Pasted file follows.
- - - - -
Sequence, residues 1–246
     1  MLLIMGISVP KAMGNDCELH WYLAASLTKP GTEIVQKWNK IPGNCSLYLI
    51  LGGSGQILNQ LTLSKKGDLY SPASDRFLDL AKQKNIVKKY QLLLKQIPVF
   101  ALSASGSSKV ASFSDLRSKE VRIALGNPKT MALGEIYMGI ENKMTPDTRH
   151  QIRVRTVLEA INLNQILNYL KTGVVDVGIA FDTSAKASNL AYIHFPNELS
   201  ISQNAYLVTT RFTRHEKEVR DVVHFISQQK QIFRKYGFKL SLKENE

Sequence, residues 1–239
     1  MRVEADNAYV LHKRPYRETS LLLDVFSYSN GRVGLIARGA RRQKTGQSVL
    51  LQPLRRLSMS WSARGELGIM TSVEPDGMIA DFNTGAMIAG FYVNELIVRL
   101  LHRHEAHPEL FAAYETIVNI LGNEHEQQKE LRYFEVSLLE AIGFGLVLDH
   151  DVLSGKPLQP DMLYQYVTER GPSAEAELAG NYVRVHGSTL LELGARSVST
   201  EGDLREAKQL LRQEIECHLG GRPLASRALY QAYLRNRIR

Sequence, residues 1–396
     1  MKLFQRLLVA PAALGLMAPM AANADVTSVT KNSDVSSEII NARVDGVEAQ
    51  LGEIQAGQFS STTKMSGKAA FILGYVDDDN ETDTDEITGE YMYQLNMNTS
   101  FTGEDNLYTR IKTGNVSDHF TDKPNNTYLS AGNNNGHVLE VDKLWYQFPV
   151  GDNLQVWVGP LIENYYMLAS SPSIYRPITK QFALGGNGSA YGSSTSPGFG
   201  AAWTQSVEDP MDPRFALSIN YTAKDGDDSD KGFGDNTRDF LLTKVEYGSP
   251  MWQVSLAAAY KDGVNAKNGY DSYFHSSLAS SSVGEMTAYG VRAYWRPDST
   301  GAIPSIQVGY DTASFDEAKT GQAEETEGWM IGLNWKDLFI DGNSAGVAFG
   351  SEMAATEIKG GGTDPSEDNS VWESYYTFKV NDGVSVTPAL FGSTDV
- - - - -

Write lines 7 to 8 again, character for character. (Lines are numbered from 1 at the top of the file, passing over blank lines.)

Sequence, residues 1–239
     1  MRVEADNAYV LHKRPYRETS LLLDVFSYSN GRVGLIARGA RRQKTGQSVL